“Just as Israelites of the Bible had their Land of Canaan filled with milk and honey, this is our land of milk and honey,” said Melvin Smith, 46, a fourth-generation congregant from nearby Portsmouth, Virginia. “This is our refuge.”

The group remains little known outside its own ranks, despite over a century of history, tens of thousands of members, and outposts that fan across America, Africa, and the Caribbean. Religion scholars are given scarce, if any, access to the organization’s archives. Leadership guards the legacy of the group closely. Photography is rarely permitted inside sanctuaries. Internal materials, like the group’s unique hymnal, are not to be reproduced or shared with outsiders.

“The Church of God and Saints of Christ is one of the most important religious bodies in America that few people have ever heard of,” said Jacob Dorman, professor of history at the University of Kansas and author of Chosen People: The Rise of American Black Israelite Religions.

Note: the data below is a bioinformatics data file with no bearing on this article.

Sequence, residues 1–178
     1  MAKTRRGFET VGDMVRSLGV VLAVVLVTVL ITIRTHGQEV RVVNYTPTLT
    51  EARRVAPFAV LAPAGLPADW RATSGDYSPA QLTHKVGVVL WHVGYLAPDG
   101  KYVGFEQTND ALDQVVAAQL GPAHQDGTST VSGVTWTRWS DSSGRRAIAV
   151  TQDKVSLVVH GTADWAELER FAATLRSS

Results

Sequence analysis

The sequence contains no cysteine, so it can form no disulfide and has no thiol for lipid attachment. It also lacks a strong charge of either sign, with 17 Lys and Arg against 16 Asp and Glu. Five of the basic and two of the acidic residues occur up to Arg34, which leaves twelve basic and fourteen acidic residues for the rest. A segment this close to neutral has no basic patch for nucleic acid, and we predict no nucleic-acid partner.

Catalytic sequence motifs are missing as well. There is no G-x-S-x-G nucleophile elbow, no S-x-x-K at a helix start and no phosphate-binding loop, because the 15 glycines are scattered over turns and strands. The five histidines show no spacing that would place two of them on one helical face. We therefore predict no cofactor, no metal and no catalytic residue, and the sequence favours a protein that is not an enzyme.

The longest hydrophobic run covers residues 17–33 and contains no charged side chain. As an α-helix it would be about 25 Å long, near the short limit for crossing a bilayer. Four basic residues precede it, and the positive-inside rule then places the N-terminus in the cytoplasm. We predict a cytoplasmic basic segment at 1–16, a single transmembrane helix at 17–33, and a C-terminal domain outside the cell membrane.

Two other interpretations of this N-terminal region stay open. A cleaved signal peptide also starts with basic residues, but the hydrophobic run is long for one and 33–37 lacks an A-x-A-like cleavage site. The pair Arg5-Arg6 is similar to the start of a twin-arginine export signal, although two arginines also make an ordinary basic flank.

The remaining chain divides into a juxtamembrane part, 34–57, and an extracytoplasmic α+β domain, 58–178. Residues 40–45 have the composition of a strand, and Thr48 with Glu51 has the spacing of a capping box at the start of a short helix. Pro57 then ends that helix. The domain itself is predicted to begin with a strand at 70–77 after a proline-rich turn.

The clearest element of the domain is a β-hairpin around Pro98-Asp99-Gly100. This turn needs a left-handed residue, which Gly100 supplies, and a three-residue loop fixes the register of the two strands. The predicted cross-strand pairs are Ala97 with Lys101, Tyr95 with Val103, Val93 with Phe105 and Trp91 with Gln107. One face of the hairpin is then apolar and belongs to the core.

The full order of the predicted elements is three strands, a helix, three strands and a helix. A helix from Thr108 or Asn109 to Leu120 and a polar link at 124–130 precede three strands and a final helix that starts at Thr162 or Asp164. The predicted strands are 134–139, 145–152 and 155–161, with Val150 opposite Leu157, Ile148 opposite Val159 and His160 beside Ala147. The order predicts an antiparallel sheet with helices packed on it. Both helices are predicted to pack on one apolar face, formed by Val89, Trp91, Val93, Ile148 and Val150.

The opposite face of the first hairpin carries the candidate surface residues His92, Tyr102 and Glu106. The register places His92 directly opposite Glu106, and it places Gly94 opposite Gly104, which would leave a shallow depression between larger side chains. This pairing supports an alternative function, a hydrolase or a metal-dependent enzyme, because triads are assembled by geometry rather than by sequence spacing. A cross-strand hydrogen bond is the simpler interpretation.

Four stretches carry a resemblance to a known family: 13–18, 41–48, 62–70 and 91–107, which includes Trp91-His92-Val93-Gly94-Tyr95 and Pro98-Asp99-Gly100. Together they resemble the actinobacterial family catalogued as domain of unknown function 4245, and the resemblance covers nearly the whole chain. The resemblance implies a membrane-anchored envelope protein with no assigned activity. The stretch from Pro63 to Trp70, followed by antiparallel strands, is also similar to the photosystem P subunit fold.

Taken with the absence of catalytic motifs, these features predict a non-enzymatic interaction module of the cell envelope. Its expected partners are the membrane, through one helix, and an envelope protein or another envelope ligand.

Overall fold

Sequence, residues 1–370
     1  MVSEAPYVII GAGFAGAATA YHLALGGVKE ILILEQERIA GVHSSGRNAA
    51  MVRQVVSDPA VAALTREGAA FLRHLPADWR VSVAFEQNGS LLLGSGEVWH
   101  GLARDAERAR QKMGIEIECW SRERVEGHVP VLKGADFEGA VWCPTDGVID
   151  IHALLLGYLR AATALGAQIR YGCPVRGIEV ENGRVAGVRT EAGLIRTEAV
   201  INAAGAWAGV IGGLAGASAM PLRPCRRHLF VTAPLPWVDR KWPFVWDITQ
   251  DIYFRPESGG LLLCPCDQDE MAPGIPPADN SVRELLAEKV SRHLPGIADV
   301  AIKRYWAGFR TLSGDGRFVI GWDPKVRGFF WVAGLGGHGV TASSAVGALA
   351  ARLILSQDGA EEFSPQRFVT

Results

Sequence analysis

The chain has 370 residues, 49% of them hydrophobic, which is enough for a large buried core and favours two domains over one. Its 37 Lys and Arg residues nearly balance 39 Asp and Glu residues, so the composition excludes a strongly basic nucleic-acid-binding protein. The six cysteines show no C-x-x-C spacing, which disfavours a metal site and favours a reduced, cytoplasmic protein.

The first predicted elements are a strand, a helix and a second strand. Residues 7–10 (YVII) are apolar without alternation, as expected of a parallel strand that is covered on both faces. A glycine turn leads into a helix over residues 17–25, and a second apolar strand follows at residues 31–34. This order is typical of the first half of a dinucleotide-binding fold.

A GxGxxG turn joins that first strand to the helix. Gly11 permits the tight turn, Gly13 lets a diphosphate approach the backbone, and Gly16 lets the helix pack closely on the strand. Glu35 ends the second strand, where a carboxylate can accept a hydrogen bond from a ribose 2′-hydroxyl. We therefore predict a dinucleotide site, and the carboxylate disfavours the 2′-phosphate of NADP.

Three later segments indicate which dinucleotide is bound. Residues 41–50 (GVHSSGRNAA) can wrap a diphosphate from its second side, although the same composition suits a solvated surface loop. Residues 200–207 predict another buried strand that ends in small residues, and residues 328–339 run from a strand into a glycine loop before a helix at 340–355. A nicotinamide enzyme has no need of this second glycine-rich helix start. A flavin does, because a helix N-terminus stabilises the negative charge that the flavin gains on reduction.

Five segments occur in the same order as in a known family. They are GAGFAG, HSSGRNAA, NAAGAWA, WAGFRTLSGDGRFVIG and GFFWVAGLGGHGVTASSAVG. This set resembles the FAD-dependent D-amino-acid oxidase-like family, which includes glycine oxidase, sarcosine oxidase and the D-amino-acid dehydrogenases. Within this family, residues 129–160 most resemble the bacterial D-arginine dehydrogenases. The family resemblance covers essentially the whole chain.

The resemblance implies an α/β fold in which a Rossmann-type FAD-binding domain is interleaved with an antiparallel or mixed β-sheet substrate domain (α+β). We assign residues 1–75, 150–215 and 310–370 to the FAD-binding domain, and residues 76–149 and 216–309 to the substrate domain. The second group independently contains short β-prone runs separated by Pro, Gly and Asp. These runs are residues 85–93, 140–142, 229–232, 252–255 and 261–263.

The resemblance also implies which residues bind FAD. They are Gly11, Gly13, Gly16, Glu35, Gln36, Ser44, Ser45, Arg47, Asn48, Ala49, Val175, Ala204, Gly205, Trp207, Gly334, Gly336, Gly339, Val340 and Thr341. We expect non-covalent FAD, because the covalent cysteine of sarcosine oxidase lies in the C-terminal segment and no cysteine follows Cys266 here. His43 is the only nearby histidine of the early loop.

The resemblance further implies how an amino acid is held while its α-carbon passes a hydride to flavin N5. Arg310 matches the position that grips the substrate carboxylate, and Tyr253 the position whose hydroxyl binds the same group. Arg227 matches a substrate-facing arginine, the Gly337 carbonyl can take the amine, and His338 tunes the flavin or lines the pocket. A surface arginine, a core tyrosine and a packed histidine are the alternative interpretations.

At an evening service last week, hundreds of congregants filed into pews. The sanctuary, opened only on special holidays, was filled nearly to capacity. Saints, as members call themselves, were dressed in the formal garb that has been part of their tradition for generations. The men wore sashes across their shoulders, long-tailed suit jackets, black kippahs, and white gloves. Some wore thin white prayer shawls, or tallits, on their necks. The women were dressed in sashes, brown pleated skirts, and brightly colored headdresses fixed with glittering brooches.

At the center of the room was a large Torah ark decorated with a fabric banner that read “Shalom” in Hebrew, flanked by two seven-pronged menorahs. The chief rabbi, a retired math professor named Phillip E. McNeil, stood behind the pulpit. At 75, he exudes a quiet authority. He spoke lightly into a microphone and the crowd hushed. They had been worshipping together for a week straight. “Are you tired yet?” McNeil joked. “There’s nothing like worshiping the God of Israel, is there?”